We are in the process of upgrading software and the SDN website will be temporarily unavailable for a few hours on Monday morning EST. Once the software is upgraded, this notice will no longer appear and the site will be back to normal. We apologize for any inconvenience.
  • Image 1 of 28

Immigrants are US

Mark Tuschman | California, United States

Andrea Rivas Dreyfuss
Country of Origin: Peru
Emergency Room Physician
The new immigration policies have affected our patients. I have patients that clearly are not coming to the hospital at the right time because they’re fearful that they’re going to get deported. And I’ve had, sadly, women that have been sexually assaulted or physically assaulted that are so fearful for their immigration status that they do not want to report anything to the police. I tell them this is the one little change that could give them the pathway to legal status. -- It’s just like, “No, I still don’t want to.”

For more than a century the identity of the United States has been grounded in the notion that we are a “nation of immigrants” and it is precisely our diversity and multiculturalism that makes America unique.People from the world over come here to build a better life, but America, too, benefits from theirinnumerable contributionsto our cultural, scientific, and economic vitality.

The recent barrage of anti-immigrant rhetoric and exclusionary immigration policy proposals are sowing seeds of anxiety and distrust, creating an increasingly polarized America. Gross economic inequalities, fear, and political gridlock have created an atmosphere of deep alienation and resentment that too frequently has been directed towards immigrants.

With this in mind, I have interviewed and photographed over 100 immigrants spanning the entire spectrum: from the undocumented, to those seeking asylum, to DACA recipients, and finally, to those with full citizenship. My work focuses on communities being discriminated against by our current administration and includes people of all skills, from those doing manual labor to those highly skilled in medicine, law, and hi-tech.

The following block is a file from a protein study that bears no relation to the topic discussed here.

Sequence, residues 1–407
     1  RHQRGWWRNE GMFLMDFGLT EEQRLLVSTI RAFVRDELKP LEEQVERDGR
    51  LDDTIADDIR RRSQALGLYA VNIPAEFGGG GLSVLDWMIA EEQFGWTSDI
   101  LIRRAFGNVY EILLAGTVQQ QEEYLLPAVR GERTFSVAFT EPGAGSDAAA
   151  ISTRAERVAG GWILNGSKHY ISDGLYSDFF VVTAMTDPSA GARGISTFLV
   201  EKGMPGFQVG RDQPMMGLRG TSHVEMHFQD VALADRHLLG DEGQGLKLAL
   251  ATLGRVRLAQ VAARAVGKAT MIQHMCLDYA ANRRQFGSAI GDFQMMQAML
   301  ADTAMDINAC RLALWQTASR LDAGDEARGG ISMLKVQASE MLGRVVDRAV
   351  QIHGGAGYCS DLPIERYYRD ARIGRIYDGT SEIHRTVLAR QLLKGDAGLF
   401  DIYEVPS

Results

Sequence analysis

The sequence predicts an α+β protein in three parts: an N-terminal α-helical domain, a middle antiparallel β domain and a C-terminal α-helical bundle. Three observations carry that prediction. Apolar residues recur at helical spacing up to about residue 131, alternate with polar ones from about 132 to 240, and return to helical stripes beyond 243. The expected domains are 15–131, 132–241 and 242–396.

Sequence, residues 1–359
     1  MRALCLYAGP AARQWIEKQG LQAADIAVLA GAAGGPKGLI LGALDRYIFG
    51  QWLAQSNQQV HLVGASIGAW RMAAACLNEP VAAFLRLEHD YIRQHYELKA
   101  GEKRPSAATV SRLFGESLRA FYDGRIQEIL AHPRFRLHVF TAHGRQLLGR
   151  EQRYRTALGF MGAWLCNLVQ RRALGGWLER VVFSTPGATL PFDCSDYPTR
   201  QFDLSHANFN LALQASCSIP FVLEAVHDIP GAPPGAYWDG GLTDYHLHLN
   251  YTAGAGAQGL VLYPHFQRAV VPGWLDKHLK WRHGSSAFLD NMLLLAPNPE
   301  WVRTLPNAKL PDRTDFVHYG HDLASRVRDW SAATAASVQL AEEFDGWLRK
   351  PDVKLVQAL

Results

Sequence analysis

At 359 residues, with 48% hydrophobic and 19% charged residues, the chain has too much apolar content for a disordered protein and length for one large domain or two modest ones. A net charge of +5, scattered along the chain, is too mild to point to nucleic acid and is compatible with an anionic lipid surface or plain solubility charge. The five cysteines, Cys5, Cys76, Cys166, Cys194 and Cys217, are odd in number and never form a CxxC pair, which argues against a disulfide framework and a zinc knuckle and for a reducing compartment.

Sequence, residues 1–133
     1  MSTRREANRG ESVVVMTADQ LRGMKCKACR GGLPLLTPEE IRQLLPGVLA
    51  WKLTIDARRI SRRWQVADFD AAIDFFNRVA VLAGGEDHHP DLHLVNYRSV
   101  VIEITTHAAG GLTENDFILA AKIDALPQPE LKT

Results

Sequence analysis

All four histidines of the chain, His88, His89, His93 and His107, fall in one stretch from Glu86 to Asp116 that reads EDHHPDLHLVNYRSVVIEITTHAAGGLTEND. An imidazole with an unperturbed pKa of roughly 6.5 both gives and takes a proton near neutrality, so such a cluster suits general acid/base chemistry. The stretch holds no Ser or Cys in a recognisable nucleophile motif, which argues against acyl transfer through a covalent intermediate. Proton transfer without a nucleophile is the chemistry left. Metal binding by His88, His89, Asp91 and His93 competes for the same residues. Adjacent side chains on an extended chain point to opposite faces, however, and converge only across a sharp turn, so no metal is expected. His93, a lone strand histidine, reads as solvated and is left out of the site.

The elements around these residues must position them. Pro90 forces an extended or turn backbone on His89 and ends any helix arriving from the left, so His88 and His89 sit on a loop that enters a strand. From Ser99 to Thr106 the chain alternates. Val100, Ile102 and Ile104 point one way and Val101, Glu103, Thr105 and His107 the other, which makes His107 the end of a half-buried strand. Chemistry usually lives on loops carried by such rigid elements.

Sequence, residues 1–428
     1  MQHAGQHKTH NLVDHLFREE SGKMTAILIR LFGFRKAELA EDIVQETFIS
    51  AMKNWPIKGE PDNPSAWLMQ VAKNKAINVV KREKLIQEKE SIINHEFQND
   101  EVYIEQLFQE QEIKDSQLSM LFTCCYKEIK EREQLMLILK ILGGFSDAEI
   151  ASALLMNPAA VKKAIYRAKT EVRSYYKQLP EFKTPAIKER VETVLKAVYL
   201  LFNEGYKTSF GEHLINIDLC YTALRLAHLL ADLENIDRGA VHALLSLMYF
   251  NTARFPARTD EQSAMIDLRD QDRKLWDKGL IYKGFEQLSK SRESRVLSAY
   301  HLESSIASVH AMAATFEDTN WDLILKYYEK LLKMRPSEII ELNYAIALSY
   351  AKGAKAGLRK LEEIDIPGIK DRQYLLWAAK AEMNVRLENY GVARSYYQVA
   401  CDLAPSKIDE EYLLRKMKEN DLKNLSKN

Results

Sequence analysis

I am a professional photographer with over forty years of experience and have created an extensivephoto-essay telling the stories of people whose struggles brought them to America and whose subsequent contributions and successes haveenriched our country.

Photography is a universal language.In my experience powerful portraits accompanied by stories of people’s lives are the best way to connect with those whose life stories are vastly different than our own.This project came about from my sense of the dire needto increase understanding of and empathy towards immigrants and to move us, as a country, towards a more humane, compassionate, and integrated society.

But how?

In a world where people are increasingly polarized in their views and where social media has siphoned us off into communities of like-minded people, preconceived notions and biases are on the rise and not as quick or easy to dial back.

Knowing that those who succumb to negative narratives about immigrants may have had few opportunities to engage, in proximity, with them, I wanted to bring the breadth, depth, and complexity of immigrant experiences and contributions forward through photographs and stories, giving people access in a way that they may not have otherwise had.After all, one can argue about politics or even disregard facts but one cannot argue a person’s story. The power of photography accompanied by people’s stories have the potential to highlight people’s humanity and change the widely disseminated negative narrative of immigrants.

Traveling exhibits seemed the most effective way of bringing these photos and stories to as wide and diverse an audience as possible.

Content loading...

Make Comment/View Comments